Performance tuning SELECT statements can be a time consuming task which in my opinion follows Pareto principle’s. 20% effort is likely give you an 80% performance improvement. To get another 20% performance improvement you probably need to spend 80% of the time. Unless you work on the planet Venus where each day on Venus is equal to 243 Earth days, delivery deadlines are likely to mean you will not have enough time to put into tuning your SQL queries.
After years writing and running SQL statements I began to develop a mental check-list of things I looked at when trying to improve query performance. These are the things I check before moving on to query plans and reading the sometimes complicated documentation of the database I am working on. My check-list is by no means comprehensive or scientific, more like a back of the envelope calculation but can I can say that most of the time I do get performance improvements following these simple steps. The check-list follows.
There should be indexes on all fields used in the WHERE and JOIN portions of the SQL statement. Take the 3-Minute SQL performance test. Regardless of your score be sure to read through the answers as they are informative.
Limit size of your working data set
Examine the tables used in the SELECT statement to see if you can apply filters in the WHERE clause of your statement. A classic example is when a query initially worked well when there were only a few thousand rows in the table. As the application grew the query slowed down. The solution may be as simple as restricting the query to looking at the current month’s data.
When you have queries that have sub-selects, look to apply filtering to the inner statement of the sub-selects as opposed to the outer statements.
Only select fields you need
Extra fields often increase the grain of the data returned and thus result in more (detailed) data being returned to the SQL client. Additionally:
- When using reporting and analytical applications, sometimes the slow report performance is because the reporting tool has to do the aggregation as data is received in detailed form.
- Occasionally the query may run quickly enough but your problem could be a network related issue as large amounts of detailed data are sent to the reporting server across the network.
- When using a column-oriented DBMS only the columns you have selected will be read from disk, the less columns you include in your query the less IO overhead.
Remove unnecessary tables
The reasons for removing unnecessary tables are the same as the reasons for removing fields not needed in the select statement.
Writing SQL statements is a process that usually takes a number of iterations as you write and test your SQL statements. During development it is possible that you add tables to the query that may not have any impact on the data returned by the SQL code. Once the SQL is correct I find many people do not review their script and remove tables that do not have any impact or use in the final data returned. By removing the JOINS to these unnecessary tables you reduce the amount of processing the database has to do. Sometimes, much like removing columns you may find your reduce the data bring brought back by the database.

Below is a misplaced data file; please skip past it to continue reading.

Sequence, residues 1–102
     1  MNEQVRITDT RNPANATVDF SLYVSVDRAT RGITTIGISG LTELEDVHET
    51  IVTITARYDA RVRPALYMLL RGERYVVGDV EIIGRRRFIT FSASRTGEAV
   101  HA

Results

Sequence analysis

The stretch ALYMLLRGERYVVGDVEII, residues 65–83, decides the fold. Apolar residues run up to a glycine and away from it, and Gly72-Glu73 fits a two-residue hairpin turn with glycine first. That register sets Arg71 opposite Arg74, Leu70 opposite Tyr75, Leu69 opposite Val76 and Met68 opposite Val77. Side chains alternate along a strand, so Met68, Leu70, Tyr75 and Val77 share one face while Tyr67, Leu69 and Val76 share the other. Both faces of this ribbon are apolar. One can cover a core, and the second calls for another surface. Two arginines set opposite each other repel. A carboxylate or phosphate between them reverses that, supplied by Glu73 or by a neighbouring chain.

Remove OUTER JOINS
This can easier said than done and depends on how much influence you have in changing table content. One solution is to remove OUTER JOINS by placing placeholder rows in both tables. Say you have the following tables with an OUTER JOIN defined to ensure all data is returned:
The solution is to add a placeholder row in the customer table and update all NULL values in the sales table to the placeholder key.
No only have you removed the need for an OUTER JOIN you have also standardised how sales people with no customers are represented. Other developers will not have to write statements such as ISNULL(customer_id, “No customer yet”).
Remove calculated fields in JOIN and WHERE clauses
This is another one of those that may at times be easier said than done depending on your permissions to make changes to the schema. This can be done by creating a field with the calculated values used in the join on the table. Given the following SQL statement:
FROM sales a JOIN budget b ON ((year(a.sale_date)* 100) + month(a.sale_date)) = b.budget_year_month
Performance can be improved by adding a column with the year and month in the sales table. The updated SQL statement would be as follows:
SELECT * FROM PRODUCTSFROM sales a JOIN budget b ON a.sale_year_month = b.budget_year_month
SELECT * FROM sales a JOIN budget b ON a.sale_year_month = b.budget_year_month
The recommendations boil down to a few short pointers
- check for indexes
- work with the smallest data set required
- remove unnecessary fields and tables and
- remove calculations in your JOIN and WHERE clauses.
If all these recommendations fail to improve your SQL query performance my last suggestion is you move to Venus. All you will need is a single day to tune your SQL.